Each Wednesday, we’ll be assessing how the top prospects of the 2013 NBA Draft are faring in college and overseas. Stick with us each week for assorted thoughts, including the biggest risers and fallers, the standouts, the sleepers and what we know and don’t know about the next NBA Draft class…
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All season they have been lumped in the middle of the lottery, but it is pretty clear that the Phoenix Suns are going to be drafting in the Top 5 this year. They have a lot of needs after voiding their roster of any credible scoring and general NBA talent. Thus, here’s the NBA Draft Fast Five, all about the Suns.
ONE: What Do We Know About The Phoenix Suns?
In the process of rebuilding teams need to do three things.
First, they need to clean house of the past to move forward 100 percent into the future of the team. Over the past year the Suns did just that by trading Steve Nash, letting Grant Hill go, and firing Alvin Gentry.
Second, add role players. The team has those in spades with pretty good defenders, situational shooters and players comfortable with not being the “guy.” Heading into the 2014-2015 season the team will have Goran Dragic, Channing Frye, Jared Dudley, Michael Beasley, Markieff Morris, Luis Scola, and Kendall Marshall under contract. That group, without Frye for health reasons, would be exceptional around a superstar. Speaking of that…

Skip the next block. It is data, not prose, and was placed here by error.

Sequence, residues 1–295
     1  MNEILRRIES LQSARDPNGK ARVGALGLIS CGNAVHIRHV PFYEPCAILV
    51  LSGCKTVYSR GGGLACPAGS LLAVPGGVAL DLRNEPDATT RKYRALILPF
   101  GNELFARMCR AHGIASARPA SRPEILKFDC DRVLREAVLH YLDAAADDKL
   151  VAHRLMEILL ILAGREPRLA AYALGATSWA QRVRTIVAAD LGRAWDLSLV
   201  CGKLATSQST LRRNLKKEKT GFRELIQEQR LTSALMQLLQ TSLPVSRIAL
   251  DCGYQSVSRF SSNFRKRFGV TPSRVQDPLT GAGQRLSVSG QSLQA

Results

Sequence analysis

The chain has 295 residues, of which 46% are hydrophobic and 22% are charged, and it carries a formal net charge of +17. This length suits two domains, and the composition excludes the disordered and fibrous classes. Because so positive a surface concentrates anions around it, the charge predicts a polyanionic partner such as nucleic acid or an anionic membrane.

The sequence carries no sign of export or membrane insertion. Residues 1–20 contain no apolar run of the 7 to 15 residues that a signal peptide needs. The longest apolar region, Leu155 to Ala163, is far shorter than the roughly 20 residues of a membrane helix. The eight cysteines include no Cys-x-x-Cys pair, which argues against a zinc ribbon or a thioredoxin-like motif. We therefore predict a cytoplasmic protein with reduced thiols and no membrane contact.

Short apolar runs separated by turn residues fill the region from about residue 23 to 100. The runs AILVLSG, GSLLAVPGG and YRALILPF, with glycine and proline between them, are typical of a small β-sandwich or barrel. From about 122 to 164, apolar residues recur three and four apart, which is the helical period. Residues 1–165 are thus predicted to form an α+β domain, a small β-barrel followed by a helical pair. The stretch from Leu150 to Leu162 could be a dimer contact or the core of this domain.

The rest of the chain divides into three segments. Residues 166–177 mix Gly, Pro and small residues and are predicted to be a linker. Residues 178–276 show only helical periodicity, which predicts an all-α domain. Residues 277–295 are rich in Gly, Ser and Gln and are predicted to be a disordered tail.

Third, find your superstar. That takes time, or assets, or high positioning in the NBA Draft. That is the goal for the team in this draft and future drafts to come. The Suns are built with role players, have little direction with their front office, and are in denial about the fact that they are at the bottom of the NBA standings because of poor team management.
TWO: What Do They Need?
In a word, talent.
There is not a specific position of need because they could plug in a Top-5 pick into the starting lineup at any position or at worst near the very top of the bench rotation. Getting a franchise center would make a lot of sense with Marcin Gortat‘s contract up after next season, but talent in general has to be the goal. In the last two drafts the team selected Morris and Marshall at No. 13, neither of have made a significant impact on the team.
THREE: Stock Rising
Some role players emerge out of the shadows of their star counterparts, or show their value next to NBA talent, much like what Baylor’s Cory Jefferson has done this year. He is not a lottery pick or a guy that will get you 18-20 points nightly at the next level, but he is a hard worker that does all the dirty work for his team.
Jefferson is a good rebounding compliment at the four that will find a place in the NBA regardless of his actual draft position, which could be anywhere in the second half of the second round today.
FOUR: Stock Falling
As a freshman Dwight Powell came in with a lot of hype as a stretch-four with great athleticism. Since then he has not played up to his potential as a four that drifts out to the perimeter all too much. His best assets are highlighted as a four, but he is sold on the notion of being a three and playing on the perimeter full-time. As I have talked about before, knowing your role and position at the next level are almost as important as having the talent to play at the next level.